You don't think parties besides the government love snooping in on phone calls? Just give a quick thought to that News Corp hacking scandal.

The Best Security Solutions

A quick caveat: Encryption and security developers have done a horrible historic job of implementing easy-to-use interfaces and creating engaging products. Whether because of the difficulty of making encryption products work or because security-product developers frequently assume others have their level of technical expertise, many encryption tools on the market are difficult to use for novices. Predictably, many of the easier-to-use ones cost considerable money as well.

Tor Project

The Tor Project runs a secure, anonymous network that is extremely hard to monitor and is beloved by free-speech activists worldwide. Tor is also filled with drug dealers and undercover law enforcement officials on the network's many hidden sites, but that's a whole other story. When used with conventional Internet sites, Tor adds a robust layer of anonymity. The downsides are that Tor slows down Internet speeds considerably and requires some technical knowledge to use. With that said, although footprints on Tor can be traced by intelligence agencies and others, it's the best free solution on the market.


For Android users, RedPhone is a drop-dead simple app that allows users to make encrypted calls and little else. Based around the ZRTP encryption protocol, RedPhone's genius is its ease of use: When callers on both ends have RedPhone installed, making encrypted phone calls is a snap. As a measure of good faith in RedPhone's encryption, their developers also made the software behind it open source on GitHub.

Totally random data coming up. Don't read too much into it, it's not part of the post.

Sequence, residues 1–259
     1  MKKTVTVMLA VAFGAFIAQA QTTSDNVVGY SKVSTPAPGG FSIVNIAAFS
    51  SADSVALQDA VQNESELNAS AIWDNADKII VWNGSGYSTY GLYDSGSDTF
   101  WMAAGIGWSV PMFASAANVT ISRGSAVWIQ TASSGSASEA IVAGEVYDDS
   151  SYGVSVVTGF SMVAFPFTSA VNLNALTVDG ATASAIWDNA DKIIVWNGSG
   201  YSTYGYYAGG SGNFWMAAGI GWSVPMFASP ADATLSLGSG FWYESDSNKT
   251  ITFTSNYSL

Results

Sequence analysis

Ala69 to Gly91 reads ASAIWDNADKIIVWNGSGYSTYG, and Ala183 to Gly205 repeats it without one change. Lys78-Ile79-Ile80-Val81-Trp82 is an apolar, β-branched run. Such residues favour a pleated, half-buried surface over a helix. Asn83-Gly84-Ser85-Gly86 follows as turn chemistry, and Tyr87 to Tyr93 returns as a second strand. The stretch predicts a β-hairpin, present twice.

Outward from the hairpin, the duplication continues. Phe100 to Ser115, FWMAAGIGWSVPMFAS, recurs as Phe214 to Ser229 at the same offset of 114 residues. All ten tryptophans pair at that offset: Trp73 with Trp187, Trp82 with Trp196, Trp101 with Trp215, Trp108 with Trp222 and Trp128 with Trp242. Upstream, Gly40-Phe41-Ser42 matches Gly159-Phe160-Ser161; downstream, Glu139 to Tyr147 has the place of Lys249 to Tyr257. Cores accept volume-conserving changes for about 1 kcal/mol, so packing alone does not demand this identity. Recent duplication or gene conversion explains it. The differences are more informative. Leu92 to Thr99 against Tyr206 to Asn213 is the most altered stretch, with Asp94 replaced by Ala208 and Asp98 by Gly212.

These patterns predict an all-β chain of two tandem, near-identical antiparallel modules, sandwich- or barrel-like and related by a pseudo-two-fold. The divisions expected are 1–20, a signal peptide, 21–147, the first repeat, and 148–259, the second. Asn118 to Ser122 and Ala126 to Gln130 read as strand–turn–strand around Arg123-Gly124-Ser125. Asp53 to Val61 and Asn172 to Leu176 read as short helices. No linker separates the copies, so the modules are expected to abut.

Cryptocat, much like RedPhone, is extremely easy to use. The open-source product encrypts users' online conversations and plugs in to popular Web browsers. Despite early hiccups, Cryptocat has acquired a large user base. However, Cryptocat is good for conversations only—separate products are required for discreetly using the Web and visiting other sites. But sometimes encrypted instant messengers are all a user needs.

Silent Circle

Silent Circle, a pay smartphone app that Fast Company has written about previously, is also based around ZRTP for phone calls. Unlike RedPhone, it also allows users to send text messages and secure emails. While the company has made portions of its source code available on GitHub, other portions have not been made open-source yet—raising concerns from some privacy activists. Users of Silent Circle have to pay a stiff subscription fee, but the platform is the easiest way of putting mobile encryption in place within an enterprise setting with multiple users.

The Simplest Encryption Solution